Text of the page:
Nicaragua: “Only Way to 1.5 – 2 Degrees is out of Top 10 Emitters”
Paul Oquist, Nicaraguan Lead Envoy, told reporters the country will not submit their intended nationally determined contributions (INDC), a mechanism agreed in 2013 to build the next climate agreement from the bottom up. One hundred eighty-three countries out of the 195 parties to the Climate Convention have already submitted theirs.
Interviewed by IPS, Oquist said this process is doomed to fail since it missed the goal of 2 degrees of global temperature increase set by countries – although some like Nicaragua push for a 1.5 degree goal. Rather, the minister advocates dropping the INDC process and building an agreement based solely on historical emissions.
As a small developing country, Nicaragua contributes barely 0.03% of global greenhouse gas emissions.
Reviews of the INDCs show their implementation would result in expected warming ranging from 2.7 to 3.5 degrees Celsius by 2100, an improvement after the expected 4.5 increase but still insufficient to hit the safe mark.
Oquist spoke with IPS in Paris:
IPS: As a region, Latin America and Central America have similar issues related to climate change, yet the countries move at different paces and groups. Has the region lost its chance to lead as a whole?
First, we need to see where we stand. One of the major themes of this COP21 Conference is the concept of universal responsibility versus historical responsibility. The universal responsibility posits that we’re all responsible, that everyone must participate in solving the problem and that if you don’t solve the problem everyone is equally guilty of not solving the problem.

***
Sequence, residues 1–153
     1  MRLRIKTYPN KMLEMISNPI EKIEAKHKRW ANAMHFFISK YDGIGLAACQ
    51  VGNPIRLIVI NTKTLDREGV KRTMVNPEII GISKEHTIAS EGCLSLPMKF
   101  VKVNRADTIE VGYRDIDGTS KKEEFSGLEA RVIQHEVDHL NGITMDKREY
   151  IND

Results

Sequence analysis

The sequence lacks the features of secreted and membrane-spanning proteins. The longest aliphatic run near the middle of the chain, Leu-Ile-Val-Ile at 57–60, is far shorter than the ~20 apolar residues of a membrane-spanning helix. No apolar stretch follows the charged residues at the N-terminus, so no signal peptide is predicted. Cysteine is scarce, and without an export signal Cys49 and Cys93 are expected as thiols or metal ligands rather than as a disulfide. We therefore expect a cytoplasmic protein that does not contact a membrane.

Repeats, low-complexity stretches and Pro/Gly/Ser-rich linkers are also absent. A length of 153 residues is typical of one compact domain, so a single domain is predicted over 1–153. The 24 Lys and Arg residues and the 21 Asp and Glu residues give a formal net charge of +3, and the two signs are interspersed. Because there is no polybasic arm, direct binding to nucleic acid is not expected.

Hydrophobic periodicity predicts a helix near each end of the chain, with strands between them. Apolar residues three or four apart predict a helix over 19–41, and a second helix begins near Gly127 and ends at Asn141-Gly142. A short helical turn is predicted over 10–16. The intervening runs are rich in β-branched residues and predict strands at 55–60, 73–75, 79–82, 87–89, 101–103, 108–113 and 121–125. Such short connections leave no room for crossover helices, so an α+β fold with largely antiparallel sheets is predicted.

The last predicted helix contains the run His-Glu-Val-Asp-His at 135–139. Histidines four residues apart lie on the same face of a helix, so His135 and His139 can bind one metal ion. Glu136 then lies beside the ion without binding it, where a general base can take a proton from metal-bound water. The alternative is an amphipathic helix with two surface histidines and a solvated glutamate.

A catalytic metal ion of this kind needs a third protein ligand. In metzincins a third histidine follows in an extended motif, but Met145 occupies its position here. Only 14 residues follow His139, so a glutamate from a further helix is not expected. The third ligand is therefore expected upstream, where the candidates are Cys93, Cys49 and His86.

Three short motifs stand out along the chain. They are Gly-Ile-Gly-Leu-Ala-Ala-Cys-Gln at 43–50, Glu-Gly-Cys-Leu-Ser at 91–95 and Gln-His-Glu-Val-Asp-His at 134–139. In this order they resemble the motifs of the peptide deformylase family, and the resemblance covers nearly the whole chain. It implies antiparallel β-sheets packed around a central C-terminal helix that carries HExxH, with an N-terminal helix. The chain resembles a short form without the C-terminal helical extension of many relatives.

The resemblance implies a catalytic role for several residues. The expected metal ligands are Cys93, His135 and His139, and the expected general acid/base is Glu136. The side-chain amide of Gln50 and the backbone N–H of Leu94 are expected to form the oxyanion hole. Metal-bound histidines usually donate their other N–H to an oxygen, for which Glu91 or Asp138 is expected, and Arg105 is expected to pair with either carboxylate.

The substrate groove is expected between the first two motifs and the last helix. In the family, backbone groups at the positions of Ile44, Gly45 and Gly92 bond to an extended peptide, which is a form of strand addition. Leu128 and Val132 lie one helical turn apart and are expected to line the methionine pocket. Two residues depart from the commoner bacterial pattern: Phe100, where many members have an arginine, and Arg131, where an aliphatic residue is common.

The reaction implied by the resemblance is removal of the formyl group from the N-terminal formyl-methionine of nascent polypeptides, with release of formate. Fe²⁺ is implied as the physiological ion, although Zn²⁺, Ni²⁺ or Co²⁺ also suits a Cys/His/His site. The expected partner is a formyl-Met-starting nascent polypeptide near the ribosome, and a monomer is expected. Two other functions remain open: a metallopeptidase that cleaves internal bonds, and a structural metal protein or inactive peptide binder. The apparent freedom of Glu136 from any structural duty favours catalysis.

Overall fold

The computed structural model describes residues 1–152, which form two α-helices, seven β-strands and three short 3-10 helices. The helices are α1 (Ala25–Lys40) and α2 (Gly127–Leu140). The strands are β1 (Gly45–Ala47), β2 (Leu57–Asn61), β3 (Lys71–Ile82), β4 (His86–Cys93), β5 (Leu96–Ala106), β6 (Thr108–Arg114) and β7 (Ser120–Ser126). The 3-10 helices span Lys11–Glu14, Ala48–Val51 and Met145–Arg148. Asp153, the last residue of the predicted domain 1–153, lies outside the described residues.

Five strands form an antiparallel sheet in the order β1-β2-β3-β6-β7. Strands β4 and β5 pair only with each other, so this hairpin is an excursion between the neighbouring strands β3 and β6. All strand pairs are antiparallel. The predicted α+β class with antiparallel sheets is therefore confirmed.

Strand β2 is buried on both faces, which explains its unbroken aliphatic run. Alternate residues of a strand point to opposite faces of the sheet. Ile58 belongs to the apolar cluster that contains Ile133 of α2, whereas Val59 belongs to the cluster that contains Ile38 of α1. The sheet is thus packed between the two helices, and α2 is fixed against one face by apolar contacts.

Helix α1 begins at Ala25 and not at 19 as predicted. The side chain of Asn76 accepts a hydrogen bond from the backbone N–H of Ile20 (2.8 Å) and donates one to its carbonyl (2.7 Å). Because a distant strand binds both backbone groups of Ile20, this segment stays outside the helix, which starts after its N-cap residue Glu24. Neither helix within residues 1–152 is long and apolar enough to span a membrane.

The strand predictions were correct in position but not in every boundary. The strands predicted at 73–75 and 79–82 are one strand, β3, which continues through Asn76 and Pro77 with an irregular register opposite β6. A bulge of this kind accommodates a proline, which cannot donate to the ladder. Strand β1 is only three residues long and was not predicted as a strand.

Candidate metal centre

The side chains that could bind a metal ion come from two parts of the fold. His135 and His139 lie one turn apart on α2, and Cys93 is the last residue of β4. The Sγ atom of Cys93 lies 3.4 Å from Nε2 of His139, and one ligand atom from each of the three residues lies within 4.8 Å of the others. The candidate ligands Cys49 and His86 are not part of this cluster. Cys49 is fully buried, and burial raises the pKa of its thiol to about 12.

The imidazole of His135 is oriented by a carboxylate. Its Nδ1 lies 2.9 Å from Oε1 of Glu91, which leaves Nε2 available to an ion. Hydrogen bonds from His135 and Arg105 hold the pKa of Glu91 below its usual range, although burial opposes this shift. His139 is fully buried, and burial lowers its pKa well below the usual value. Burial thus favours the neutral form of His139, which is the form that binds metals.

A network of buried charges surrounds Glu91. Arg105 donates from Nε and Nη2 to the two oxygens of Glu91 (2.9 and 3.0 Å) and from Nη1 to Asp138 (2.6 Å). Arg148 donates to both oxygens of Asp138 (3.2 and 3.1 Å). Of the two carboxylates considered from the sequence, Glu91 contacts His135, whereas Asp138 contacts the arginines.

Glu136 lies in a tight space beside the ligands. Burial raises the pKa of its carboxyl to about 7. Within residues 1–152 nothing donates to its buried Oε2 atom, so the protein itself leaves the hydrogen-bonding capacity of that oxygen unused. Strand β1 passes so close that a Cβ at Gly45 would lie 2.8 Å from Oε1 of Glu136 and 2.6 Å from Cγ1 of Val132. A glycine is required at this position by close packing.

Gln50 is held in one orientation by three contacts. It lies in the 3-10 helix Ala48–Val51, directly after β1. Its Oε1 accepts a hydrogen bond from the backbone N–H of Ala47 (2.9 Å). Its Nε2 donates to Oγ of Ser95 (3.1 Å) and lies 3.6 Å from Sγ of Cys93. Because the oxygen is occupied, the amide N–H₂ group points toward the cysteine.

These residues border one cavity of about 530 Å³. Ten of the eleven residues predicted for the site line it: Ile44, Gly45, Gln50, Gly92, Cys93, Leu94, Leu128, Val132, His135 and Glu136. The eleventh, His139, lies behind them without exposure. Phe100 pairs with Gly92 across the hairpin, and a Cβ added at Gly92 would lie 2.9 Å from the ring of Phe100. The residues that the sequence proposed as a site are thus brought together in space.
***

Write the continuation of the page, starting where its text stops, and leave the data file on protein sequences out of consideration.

These nationally determined contributions (INDC) will not work. The first evidence is that on the first round they couldn’t get to the 1.5 – 2 degrees Celsius temperature increase goal, they came to 3 degrees. That’s serious business. Three degrees in the developing countries is 4 degrees. The INDCs will take us there.
There is a proposal on how to fix this, the proposal in the Paris Agreements, by doing another INDC exercise every five years. But in five years we’ll be further away from the 1.5 degree target than we are now. Nicaragua does not agree with an accord that will condemn the world to 3 degrees.
IPS: The first rounds of INDC, depending of the way you measure it, will get us to 2.7 to 3.5 degrees. It could improve in a second round as technologies get cheaper and overall ambition increases. Why drop it?
Twenty-five per cent are dependent on financing. There is no financing for those, and I would be very surprised to see the developed countries taking the hard policy decision on the model of production, consumption, finance and lifestyle that is necessary to bring us back to the 1.5 to 2 degree range.
We have an alternative, which is objective, scientific, measurable, verifiable and transparent: the historical responsibility instead of universal responsibility.
We should measure, since 1750, what is the contribution of each country to climate change. You can also measure what their current contributions are and establish and index that takes into account the historic and current contribution. Then assign mandatory quotas to each country based on this historical contribution.
These countries have profited from this: from cheap energy, from polluting the environment, for their development. So they can be held responsible for replacing the CO2 and trying to drive down the temperature rise. Also, historical responsibility can be applied to losses and damage through indemnification, which should go in a direct and unconditional form to the countries suffering from climate change.
IPS: When did Nicaragua take the decision that they wouldn’t submit the INDC and that the process was a failure as you have said?
So we know from the end of October that this was a failure. Nicaragua has decided a long time ago not to do the INDC because universal responsibility doesn’t work and it’s not the way to go.